Sometimes, I think about the future when you are grown and I am gone. When all that’s left of me are photographs and memories. I know what the photographs will show. I took most of them, after all. But the memories I’m less sure of. I wonder what will stick with you after all that time. How will you remember me? One day, your grandkids will ask you about me. What will you say? Will you tell them I was always distracted? Will you remember that I looked at my phone too much? Will you tell them I didn’t play...

Keep Reading

Being a Daycare Mom Can Be So Hard

In: Kids, Living, Motherhood
Woman holding boy on couch, black-and-white photo

Dear daycare mom,  I know it’s hard.  To get yourself up before them, to make lunches, to pack the bags, to get yourself ready.  To go into their rooms, where they are peacefully sleeping, and turn the lights on.  To struggle to get them breakfast, get them dressed, and get them out the door.  I know it’s hard.  To have a morning rush when all you want to do is snuggle up on the couch and ease into your day.  RELATED: When a Mom is Late To Work To feel like you are missing out on their childhood at times...

Keep Reading

The PB&J that Saved the Day

In: Kids, Motherhood
Table with three plates of PB&J sandwiches, color photo

It was one of those days.  One of those days when your pants are too tight, you wake up with a headache, and the kids’ rooms are disasters at 8 a.m. It was one of those days when I had to physically go into Target for our groceries since I didn’t have time to wait for pickup—I think that alone should sum up exactly the kind of day it was.  The kids were hangry. The toddler was, well, toddler-y. RELATED: Toddlers Are Human Too—And Sometimes They Just Need Grace Two minutes into our shopping trip, she had kicked her light-up rain...

Keep Reading

One Day He’ll Love Another Woman More than He Loves Me

In: Kids, Motherhood
Mother holding baby, color photo

To Benjamin, my 16-month-old son, I am everything. I am the first person that boy looks for when he wakes up in the morning and the last person he wants before he goes to bed. If he is in a room full of people he loves and I am not there, he will search for me.  If he has a problem, mommy is the solution. I am the answer to his cries. I feel confident in saying that I am the most important person in that little boy’s little world. I love it. It is an honor and a privilege...

Keep Reading

To My Sister, Thank You For Being the Best Aunt To My Kids

In: Kids, Motherhood
Aunt with three young kids

“Do you have the kids’ basketball schedule yet?” you texted the other day. I sent back a screenshot of the calendar, and within an hour you responded telling me which game you’d be coming to. It was a simple exchange, but I was overwhelmed with gratitude for your love for my kids in that moment. It’s something I think often but don’t say nearly enough: thank you for being such an amazing aunt. Truly.  I know it’s not always convenient. You live three hours away and have a busy, full life of your own—but still, you show up for your niece and nephews...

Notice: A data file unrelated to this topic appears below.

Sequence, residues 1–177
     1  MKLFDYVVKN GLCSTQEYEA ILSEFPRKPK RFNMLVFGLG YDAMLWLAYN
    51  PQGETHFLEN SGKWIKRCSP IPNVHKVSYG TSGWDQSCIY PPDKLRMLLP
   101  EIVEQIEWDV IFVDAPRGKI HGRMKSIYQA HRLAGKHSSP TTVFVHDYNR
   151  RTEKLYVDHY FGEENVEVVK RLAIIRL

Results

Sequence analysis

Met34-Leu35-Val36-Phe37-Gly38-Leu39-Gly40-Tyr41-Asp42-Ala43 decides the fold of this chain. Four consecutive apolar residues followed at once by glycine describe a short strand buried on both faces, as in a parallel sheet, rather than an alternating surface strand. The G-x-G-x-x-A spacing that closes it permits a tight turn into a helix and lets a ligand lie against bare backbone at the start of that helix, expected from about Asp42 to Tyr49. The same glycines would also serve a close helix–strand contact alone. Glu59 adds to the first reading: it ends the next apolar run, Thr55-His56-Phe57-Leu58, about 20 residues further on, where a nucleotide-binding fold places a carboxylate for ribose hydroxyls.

Keep Reading

In Defense of the Stubborn Child

In: Kids, Motherhood
Little boy hanging over dock, color photo

“Lamp. Lamp. Laaaaamp,” my 2-year-old son screamed while stomping his feet. Tears were running down his face and snot was dripping dangerously close to his mouth. I put on what I hoped would be a soothing, motherly tone, “Okay, just calm down.” While trying to maintain eye contact, I slowly reached toward the tissue box. This must be what the greats like Jeff Corwin, Steve Irwin, or the Kratt brothers feel like when facing a volatile animal in the wild. The sound of a tissue being pulled from the box caused the crying to stop abruptly. His eyes flitted toward...

Keep Reading

Dear Stepdaughter, You Aren’t “Mine” but I Love You as My Own

In: Kids, Motherhood
Mother and daughter hug

First off, I love you. I wasn’t there the day you were born or when you got your first tooth. I wasn’t there when you took your first steps or learned to pee in the potty. But, I have loved you since the day we met, and I’ve been there for every moment since. I’ve given you baths and eventually, taught you how to shower on your own. I’ve brushed your hair, clipped your nails, and taken care of you when you’re sick. I’ve tucked you into bed and kissed you goodnight, held you when you’re sad, chased away your...

Keep Reading

I Was Meant to Be a Boy Mom

In: Kids, Motherhood
Mother and three boys, black-and-white photo

When you’re a little girl, you dream of the day you can pass all your Barbies and dolls on to your daughter and continue that same form of make-believe, to play dress up, do their hair, and go shopping with . . . at least I did.  You grow up, fall in love, get married, and decide to start a family and all those same emotions come rushing back about all you’ll do with your baby girl. You cut open that cake and the blue frosting peeks through, and you’re so excited that you forget all those girl dreams. You...

Keep Reading